Cuban decree limits social media, sparks outrage

Cuba rolled out tighter controls on social media Tuesday that target “enemy activities” on the internet.

Decree 35 comes on the heels of the largest anti-government protests the island nation has seen in years.

Cuba’s President blamed last month’s demonstrations on an online campaign by U.S.-backed counter-revolutionaries.

The new controls ban the spread of false news, content deemed offensive or that "incite mobilizations or other acts that upset public order."

It also offers Cubans a form to report offenders.

Cuba's Vice-Minister of Communications took to state TV on Tuesday.

"In Cuba, the Internet is defended as a space for debate, exchange, reflection, expression, complaints, and proposals from the population. Decree 35 will demand an adequate, respectful, ethical, and truthful use of these communication channels."

Decree 35 does not specify penalties for breaking the law, but said any attempts to “subvert order” will be considered cyberterrorism.

Some analysts say the law’s vague definitions would allow the government to arbitrarily prosecute Cubans it considers dissidents.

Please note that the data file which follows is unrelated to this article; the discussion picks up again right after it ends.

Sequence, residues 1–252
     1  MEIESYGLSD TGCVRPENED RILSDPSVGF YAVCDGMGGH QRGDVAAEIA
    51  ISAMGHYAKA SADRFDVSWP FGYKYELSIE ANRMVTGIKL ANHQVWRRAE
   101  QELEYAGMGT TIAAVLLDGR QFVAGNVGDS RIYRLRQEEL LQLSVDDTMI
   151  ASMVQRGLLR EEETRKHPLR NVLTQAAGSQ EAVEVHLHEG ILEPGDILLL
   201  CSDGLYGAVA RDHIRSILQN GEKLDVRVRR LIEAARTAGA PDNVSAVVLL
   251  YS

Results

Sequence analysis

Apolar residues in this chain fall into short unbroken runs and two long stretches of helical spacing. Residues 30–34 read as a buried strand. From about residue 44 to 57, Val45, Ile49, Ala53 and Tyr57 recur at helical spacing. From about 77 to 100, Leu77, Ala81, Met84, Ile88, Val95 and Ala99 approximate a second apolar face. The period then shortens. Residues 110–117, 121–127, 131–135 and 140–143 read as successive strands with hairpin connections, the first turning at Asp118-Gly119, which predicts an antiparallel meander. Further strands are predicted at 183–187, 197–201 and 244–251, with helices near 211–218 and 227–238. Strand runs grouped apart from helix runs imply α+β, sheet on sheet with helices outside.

Erika Guevara-Rosas is Amnesty International Director for the Americas.

"Once again, Cuba is seeking absolute control of Internet access and telecommunications and is also formalizing digital repression. It is seeking to limit the space where people can access information freely. Not only the access, but the exchange of information. It will be up to the authorities to determine what is false information and information that seeks to harm the government or against the constitutional precepts."

Cuba’s new law explicitly orders the state telecoms monopoly to suspend services to users who have violated Decree 35.

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